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UN: Ukraine Must Give Disabled People ‘Family Life’

September 12, 2022

Ukraine must urgently release the thousands of disabled people living in its network of orphanages, a UN committee has warned.

The human rights body is calling for rapid de-institutionalisation, and investment in community services.

The recommendations come after a BBC News investigation exposed widespread abuse of disabled people.

We found severely malnourished children neglected and in pain, teenagers tied to benches and adults existing in cots.

The BBC has been given an early sighting of some of the recommendations from the UN Committee on the Rights of Persons with Disabilities, because it gave evidence at one of the hearings into the experiences of disabled people at a time of war in Ukraine last month.

Olena Zelenska, the First Lady of Ukraine, admitted there should be an “overhaul of the entire system”.

She was pressed on the BBC’s findings earlier in the week during an interview with Laura Kuenssberg on her new politics show.

“We will have to rebuild the infrastructure. We want kids to stay in foster families and adopted families, in family-type setting. There should be no more orphanages around.”

https://emp.bbc.co.uk/emp/SMPj/2.45.0/iframe.htmlMedia caption,

BBC footage reveals abuse of disabled Ukrainians

Soviet-era system

Before the Russian invasion, 100,000 children and young people were housed in these kind of facilities, with around half having a disability. It was estimated 250 children a day were entering the system, a network of 700 orphanages.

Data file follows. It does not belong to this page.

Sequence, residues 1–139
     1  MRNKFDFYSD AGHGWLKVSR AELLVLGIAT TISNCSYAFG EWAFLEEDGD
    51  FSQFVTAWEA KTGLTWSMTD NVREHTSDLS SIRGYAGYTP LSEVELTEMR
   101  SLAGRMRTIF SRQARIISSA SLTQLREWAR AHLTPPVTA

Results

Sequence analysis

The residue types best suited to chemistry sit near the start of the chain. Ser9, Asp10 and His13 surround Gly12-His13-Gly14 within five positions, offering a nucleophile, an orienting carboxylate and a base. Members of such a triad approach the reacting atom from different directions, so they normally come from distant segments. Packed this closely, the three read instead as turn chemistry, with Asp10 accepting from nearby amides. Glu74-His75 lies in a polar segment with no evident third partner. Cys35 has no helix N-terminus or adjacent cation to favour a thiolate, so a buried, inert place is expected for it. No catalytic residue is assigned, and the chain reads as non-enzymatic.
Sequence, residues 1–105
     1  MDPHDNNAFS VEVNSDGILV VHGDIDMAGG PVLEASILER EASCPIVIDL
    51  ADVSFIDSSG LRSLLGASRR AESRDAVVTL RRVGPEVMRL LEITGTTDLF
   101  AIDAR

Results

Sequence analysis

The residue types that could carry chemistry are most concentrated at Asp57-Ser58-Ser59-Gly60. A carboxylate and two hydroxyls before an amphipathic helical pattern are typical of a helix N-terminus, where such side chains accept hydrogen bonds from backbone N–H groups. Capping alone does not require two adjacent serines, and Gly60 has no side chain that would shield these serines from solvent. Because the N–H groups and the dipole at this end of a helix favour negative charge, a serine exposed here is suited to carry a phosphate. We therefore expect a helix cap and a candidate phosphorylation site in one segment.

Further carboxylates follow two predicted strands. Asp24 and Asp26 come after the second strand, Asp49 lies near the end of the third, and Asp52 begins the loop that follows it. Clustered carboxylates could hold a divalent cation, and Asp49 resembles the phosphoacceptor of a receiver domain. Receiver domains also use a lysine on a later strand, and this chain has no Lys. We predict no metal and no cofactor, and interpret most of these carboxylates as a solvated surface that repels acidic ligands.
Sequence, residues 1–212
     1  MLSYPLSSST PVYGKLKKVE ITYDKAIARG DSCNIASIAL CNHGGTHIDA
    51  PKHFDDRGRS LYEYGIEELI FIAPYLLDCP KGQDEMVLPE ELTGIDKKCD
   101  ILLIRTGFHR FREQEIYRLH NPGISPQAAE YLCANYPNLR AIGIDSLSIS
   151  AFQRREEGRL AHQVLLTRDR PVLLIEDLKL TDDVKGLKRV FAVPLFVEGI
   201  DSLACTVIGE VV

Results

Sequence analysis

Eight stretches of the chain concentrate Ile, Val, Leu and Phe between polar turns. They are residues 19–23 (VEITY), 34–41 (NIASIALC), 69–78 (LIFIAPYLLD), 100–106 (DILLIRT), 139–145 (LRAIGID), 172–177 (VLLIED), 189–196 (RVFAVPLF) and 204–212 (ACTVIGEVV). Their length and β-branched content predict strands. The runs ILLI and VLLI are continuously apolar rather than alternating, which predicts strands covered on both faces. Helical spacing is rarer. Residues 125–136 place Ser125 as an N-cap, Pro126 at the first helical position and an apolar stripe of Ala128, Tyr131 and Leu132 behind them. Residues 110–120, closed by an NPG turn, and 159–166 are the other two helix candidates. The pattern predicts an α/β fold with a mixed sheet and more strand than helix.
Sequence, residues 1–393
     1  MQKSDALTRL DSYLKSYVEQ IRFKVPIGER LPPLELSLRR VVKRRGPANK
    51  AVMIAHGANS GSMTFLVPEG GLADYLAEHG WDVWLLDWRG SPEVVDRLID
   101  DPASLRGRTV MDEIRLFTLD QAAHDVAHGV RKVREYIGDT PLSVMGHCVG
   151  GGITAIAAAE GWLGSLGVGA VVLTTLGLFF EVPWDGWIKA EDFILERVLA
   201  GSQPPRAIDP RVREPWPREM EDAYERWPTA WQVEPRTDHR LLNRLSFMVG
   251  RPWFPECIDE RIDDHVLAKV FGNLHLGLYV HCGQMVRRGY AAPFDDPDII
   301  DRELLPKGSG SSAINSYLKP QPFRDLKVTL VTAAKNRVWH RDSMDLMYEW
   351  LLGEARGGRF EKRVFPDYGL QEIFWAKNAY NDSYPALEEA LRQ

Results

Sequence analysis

When war broke out in February, many institutions were evacuated, with thousands fleeing to neighbouring countries.

Mrs Zelenska said she wanted those children to come back to Ukraine and a different way of life, but admitted the whole process of de-institutionalisation would be a “challenging thing”.

And major reform will be difficult, as her country has the largest number of children living in institutions in Europe. They are casualties of a Soviet-era system which encouraged parents to give their disabled child up to the state.

There is still a belief in parts of Ukrainian society, that an institution is the best place for a person with a disability. The majority of children and young people in orphanages have families, but due to a lack of community support, many end up spending their lives in an institution.

The committee also highlighted concerns about the way funding – from the European Union and other international agencies – is being used to support disabled people during the war. It stressed that money should not be spent on expanding or renovating institutions, but should be used on ensuring people could live independently in their own communities rather than in residential care.

The committee’s report will be released in full later.

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